PhD Defense by Zihao Li

Event Details
  • Date/Time:
    • Tuesday June 20, 2017 - Wednesday June 21, 2017
      11:00 am - 12:59 pm
  • Location: Groseclose Room 226A
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Summary Sentence: Allocating Resources to People with Preferences

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Title: Allocating Resources to People with Preferences

Thesis advisor: Dr. Julie Swann

Committee members:

Dr. Ozlem Ergun (Mechanical & Industrial Engineering, Northeastern University)

Dr. Pinar Keskinocak

Dr. John Vande Vate

Dr. Santosh Vempala (School of Computer Science)


Date and Time: June 20th (Tuesday), 2017, at 11:00 AM

Location: Groseclose Room 226A




Resource allocation can be viewed as the assignment of available resources to different people or tasks. Usually, resources can be allocated by markets (where people exchange goods or services based on price) or by central planning (a central planner or agency makes the decision). In many industrial applications such as assembling automobiles from parts or assigning time-constrained tasks to processors, central planning can often yield the optimal result with respect to the entire system. However, in other settings such as allocating healthcare services to patients, distributing vaccines to local providers, or assigning jobs to workers, preferences of the individuals are to be considered besides the welfare of the entire system.


Three practical and theoretical problems are presented that involve allocating resources to individuals with preferences or different needs:

1) using decentralized optimization to measure the access of patients to healthcare providers,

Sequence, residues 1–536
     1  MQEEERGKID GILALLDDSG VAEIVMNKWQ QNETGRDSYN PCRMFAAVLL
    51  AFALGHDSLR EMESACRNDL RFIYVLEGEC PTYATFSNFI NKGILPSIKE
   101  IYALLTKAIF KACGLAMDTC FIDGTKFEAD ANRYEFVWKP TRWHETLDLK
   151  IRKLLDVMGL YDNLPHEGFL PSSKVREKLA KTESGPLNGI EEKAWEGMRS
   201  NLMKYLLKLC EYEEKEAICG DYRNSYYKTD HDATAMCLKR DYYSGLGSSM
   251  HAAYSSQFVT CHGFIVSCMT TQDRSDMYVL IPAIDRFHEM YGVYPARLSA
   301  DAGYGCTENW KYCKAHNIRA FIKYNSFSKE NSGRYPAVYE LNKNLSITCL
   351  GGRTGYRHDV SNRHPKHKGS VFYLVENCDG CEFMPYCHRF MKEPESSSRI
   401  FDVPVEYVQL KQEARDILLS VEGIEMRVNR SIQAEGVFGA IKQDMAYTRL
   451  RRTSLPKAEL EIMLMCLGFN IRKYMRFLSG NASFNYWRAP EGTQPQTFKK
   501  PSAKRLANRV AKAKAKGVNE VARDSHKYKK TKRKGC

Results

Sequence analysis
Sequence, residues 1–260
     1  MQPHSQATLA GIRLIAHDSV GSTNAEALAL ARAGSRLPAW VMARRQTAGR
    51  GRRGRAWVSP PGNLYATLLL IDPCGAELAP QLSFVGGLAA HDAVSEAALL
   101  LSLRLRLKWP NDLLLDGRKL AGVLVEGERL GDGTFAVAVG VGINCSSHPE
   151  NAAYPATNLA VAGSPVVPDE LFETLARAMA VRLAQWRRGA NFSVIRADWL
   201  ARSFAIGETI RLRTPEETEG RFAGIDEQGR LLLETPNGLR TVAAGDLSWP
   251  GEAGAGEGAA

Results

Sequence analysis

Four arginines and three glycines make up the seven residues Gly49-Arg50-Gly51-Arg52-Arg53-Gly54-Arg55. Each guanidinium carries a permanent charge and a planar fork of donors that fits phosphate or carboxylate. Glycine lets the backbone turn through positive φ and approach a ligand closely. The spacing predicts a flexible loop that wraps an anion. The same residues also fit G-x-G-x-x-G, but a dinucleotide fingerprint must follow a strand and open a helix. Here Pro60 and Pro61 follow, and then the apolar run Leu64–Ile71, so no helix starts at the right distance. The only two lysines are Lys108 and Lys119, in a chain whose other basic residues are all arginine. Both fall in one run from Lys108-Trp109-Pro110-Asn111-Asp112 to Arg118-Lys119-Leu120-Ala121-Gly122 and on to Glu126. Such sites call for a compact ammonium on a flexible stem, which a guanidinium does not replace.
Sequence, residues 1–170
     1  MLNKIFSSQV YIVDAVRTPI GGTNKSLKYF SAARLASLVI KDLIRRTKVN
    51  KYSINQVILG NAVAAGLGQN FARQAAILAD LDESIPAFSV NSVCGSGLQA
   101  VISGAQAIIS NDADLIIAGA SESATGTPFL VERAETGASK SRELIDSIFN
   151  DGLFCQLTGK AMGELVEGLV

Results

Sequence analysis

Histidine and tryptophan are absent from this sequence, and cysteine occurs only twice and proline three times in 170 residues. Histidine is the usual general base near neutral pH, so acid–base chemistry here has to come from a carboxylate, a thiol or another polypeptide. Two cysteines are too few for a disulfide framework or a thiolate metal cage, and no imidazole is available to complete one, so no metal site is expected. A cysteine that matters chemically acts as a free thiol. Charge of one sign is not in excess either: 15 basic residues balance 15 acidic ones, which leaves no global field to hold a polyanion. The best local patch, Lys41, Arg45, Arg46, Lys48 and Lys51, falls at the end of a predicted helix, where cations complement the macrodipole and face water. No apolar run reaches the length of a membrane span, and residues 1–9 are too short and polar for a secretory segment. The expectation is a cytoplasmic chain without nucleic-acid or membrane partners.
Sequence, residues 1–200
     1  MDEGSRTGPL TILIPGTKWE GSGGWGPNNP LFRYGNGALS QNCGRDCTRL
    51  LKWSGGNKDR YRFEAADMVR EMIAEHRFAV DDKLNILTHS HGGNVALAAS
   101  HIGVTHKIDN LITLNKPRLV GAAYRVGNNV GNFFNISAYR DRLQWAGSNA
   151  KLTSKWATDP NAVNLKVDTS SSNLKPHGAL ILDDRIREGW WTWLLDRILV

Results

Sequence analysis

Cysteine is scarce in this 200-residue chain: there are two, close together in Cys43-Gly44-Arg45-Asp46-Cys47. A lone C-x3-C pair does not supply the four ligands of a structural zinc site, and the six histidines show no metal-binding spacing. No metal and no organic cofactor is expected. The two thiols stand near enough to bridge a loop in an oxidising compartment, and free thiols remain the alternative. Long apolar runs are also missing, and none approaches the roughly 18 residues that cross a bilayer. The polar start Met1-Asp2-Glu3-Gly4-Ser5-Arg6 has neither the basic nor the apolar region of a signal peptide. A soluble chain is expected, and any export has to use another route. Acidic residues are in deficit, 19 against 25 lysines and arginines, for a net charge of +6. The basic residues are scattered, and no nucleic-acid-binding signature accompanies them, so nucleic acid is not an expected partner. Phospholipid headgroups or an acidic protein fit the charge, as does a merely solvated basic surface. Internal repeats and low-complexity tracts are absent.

2) using agent-based simulation to quantify the benefit of allocating vaccines to local areas based on inventory information, and

3) designing heuristics and algorithms to analyze matching staff to jobs in a multi-period setting when both staff and jobs list preferences over members of the other group.

We use mathematical modeling approaches to analyze the three problems, in which choices of people are incorporated either using notions of equilibria and stability or in the design of the allocation policy.


The first part of this thesis presents an optimization framework for measuring healthcare spatial access, where we analytically demonstrate the advantages of using optimization approaches to quantify access to service providers and illustrate these advantages via a case study. The second part of this thesis addresses the value of inventory information in distributing vaccines in a flu pandemic, where we find that using policies that utilize inventory information of vaccine can improve the percentage of demand satisfied, reduce the disease incidence, and decrease inventory of wasted vaccine. The third part of this thesis introduces modeling for stable matching between workers and jobs in a multi-period setting, where we discuss new notions of stability and model the problem using integer programming with the preferences of people either staying the same or changing over time.  We obtain theoretical bounds on the objective function value, show that the problem is NP-hard under special preference lists, and develop heuristics to solve the problem with large number of workers and jobs and small number of periods. We provide insights on the sufficient and necessary conditions under which our algorithms and heuristics work well.

Additional Information

In Campus Calendar

Graduate Studies

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Faculty/Staff, Public, Undergraduate students
Phd Defense
  • Created By: Tatianna Richardson
  • Workflow Status: Published
  • Created On: Jun 9, 2017 - 3:39pm
  • Last Updated: Jun 9, 2017 - 3:39pm